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Wednesday Oct 23 2019

US urges India to respect human rights in occupied Kashmir

WASHINGTON: Influential US lawmakers on Tuesday expressed frustration over the human rights situation in Indian occupied Kashmir and urged the Trump administration to "urgently and persistently" push the Modi government for restoration of normalcy in the region.

During a special congressional hearing on ‘Human Rights in South Asia: Views from the State Department and the Region’, the ongoing situation in the occupied valley was declared "humanitarian crisis" and general “disaster” for Kashmiri families.

All members in attendance posed pertinent and critical questions to panellists and asked the administration officials to persuade India to restore freedom of movement, press, speech and release political prisoners.

The hearing was called by the Subcommittee on Asia, the Pacific and Nonproliferation of the House Foreign Affairs Committee and had Acting Assistant Secretary Bureau of South and Central Asian Affairs Alice Wells, and Assistant Secretary, Bureau of Democracy, Human Rights and Labor, Robert Destro as witnesses.

Chairman of the Subcommittee Congressman Brad Sherman remarked that the entire world was focused on what was happening in Kashmir. Along with other lawmakers, he enquired the administration's reaction and forcefulness in pushing India to take steps to lift restrictions imposed on Kashmiris.

The state department official told lawmakers that the Indian government claimed Kashmir as an internal problem, but it was a problem that had external consequences including deterioration in relations between India and Pakistan.

Read also: US Congressional sub-committee holds hearing on occupied Kashmir

“We are going to continue to engage with India. We are going to continue to argue that there should be a roadmap to the restoration of political life in Kashmir. We are going to argue that Kashmiri voices should be heard, as decisions are made about its future, political makeup,” Wells told the audience.

In her testimony and later during the session she maintained that a high-level engagement with Delhi was continuing in this regard and that the administration supports bilateral dialogue between India and Pakistan.

Congresswoman Sheila Jackson-Lee called out the Modi government's accusations against Islamabad of supporting militants and acknowledged that Pakistan's armed forces had sacrificed in blood and money to eliminate terrorism.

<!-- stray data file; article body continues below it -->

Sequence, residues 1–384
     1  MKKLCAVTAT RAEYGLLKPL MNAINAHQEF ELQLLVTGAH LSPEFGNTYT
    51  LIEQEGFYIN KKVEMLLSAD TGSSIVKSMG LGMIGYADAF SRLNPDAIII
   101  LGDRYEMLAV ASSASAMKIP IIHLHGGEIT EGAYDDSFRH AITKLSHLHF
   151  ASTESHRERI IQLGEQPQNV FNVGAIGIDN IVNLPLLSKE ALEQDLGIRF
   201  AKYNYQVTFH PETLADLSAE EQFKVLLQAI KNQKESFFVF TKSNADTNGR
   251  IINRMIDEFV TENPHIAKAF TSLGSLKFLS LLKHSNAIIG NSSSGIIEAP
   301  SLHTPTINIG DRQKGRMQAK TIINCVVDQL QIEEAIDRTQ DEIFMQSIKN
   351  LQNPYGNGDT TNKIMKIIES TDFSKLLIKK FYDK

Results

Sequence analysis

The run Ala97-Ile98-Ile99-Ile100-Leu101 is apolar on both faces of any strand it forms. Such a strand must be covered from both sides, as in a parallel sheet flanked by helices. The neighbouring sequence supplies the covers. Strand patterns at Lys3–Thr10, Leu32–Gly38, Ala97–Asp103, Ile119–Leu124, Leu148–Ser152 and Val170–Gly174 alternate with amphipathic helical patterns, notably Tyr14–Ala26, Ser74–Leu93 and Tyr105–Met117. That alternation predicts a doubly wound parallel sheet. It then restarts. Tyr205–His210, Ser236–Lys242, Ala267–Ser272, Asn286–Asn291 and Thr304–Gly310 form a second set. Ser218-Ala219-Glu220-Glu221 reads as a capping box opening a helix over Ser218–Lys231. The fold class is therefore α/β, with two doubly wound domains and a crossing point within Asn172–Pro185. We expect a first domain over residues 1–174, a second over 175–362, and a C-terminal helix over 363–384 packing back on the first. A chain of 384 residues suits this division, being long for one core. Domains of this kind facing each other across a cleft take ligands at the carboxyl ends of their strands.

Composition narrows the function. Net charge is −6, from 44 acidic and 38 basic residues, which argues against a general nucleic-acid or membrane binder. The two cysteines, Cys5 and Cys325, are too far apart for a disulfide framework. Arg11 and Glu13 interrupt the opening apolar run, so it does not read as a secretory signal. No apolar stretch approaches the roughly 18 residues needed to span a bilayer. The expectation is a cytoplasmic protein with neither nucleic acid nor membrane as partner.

“We have already seen the Kurdish crisis, genocide. I believe this is a moment and time in history that the Secretary at this time can be engaging highest levels of diplomacy in India,” she said, adding that India recognises itself as a democratic state but does not accept the ongoing humanitarian crisis.

Responding to a question, Wells said, “US leaders have had a high-level engagement ever since August 5th on the subject of Kashmir. You have heard President Trump speak publicly to his own desire to help mediate if the parties were to agree,” adding "This has been a subject of conversation between the secretary, the president and we continue to urge that there be a reduction in tensions between India and Pakistan."

Read also: Qureshi urges US lawmakers to highlight Indian atrocities in Kashmir

Wells, in response to a question about Senator Chris Van Hollen who was barred from travelling to Kashmir, said so far the US government officials had not been able to visit Kashmir to obtain firsthand information of the situation, though they had maintained contact with the government, civil societies and the members of the press.

She told the audience that the administration regarded the Line of Control as the de-facto line of separation, and welcomed Prime Minister Imran Khan's statement that terrorists who carry out violence in Kashmir were enemies of both Kashmiris and Pakistan.

She repeated that the administration was not notified about India's August 5 decision to abrogate Article 370 or to bifurcate Jammu and Kashmir State into Union territories.

Earlier in her opening remarks, Wells said the State Department has raised concerns with the Indian government about the detention of local residents and political leaders, including three former chief ministers of Jammu and Kashmir.

“We have urged the Indian authorities to respect human rights and restore full access to services, including internet and mobile networks. Post-paid mobile service has been restored in the Valley, but internet access remains intermittent.”

She said both the foreign and local journalists had extensively covered developments in Kashmir, but many faced challenges in access and reporting due to security restrictions.

"While exact figures are difficult to ascertain, we understand several thousand people have been detained over the past two months, although many have subsequently been released. According to government sources, hundreds remain in detention – many without charges – under the Public Safety Act, which allows for administrative detention of up to two years," she said.

She further said the security situation in Kashmir remained tense. Clashes between youths and Indian security forces were a regular occurrence, and Indian forces killed suspected terrorists in multiple firefights last week.

"We are concerned about reports of local and foreign militants attempting to intimidate local residents and business owners in order to stymie normal economic activity. The United States supports the rights of Kashmiris to peacefully protest, but condemns the actions of terrorists who seek to use violence and fear to undermine dialogue," she said.

Originally published in The News